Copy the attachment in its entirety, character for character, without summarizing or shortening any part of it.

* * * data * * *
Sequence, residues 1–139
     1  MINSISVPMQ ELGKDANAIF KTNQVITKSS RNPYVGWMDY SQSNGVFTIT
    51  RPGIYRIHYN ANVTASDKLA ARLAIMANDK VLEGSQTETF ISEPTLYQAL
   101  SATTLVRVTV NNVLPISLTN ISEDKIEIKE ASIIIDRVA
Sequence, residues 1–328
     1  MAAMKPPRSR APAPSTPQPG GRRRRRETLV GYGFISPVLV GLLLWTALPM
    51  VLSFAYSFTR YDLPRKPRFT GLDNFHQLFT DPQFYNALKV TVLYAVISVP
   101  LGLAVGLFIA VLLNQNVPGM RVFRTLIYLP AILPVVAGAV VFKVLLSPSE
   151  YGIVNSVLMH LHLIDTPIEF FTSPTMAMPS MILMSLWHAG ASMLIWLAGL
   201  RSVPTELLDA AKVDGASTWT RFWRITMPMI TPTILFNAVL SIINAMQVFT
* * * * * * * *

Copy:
Sequence, residues 1–139
     1  MINSISVPMQ ELGKDANAIF KTNQVITKSS RNPYVGWMDY SQSNGVFTIT
    51  RPGIYRIHYN ANVTASDKLA ARLAIMANDK VLEGSQTETF ISEPTLYQAL
   101  SATTLVRVTV NNVLPISLTN ISEDKIEIKE ASIIIDRVA
Sequence, residues 1–328
     1  MAAMKPPRSR APAPSTPQPG GRRRRRETLV GYGFISPVLV GLLLWTALPM
    51  VLSFAYSFTR YDLPRKPRFT GLDNFHQLFT DPQFYNALKV TVLYAVISVP
   101  LGLAVGLFIA VLLNQNVPGM RVFRTLIYLP AILPVVAGAV VFKVLLSPSE
   151  YGIVNSVLMH LHLIDTPIEF FTSPTMAMPS MILMSLWHAG ASMLIWLAGL
   201  RSVPTELLDA AKVDGASTWT RFWRITMPMI TPTILFNAVL SIINAMQVFT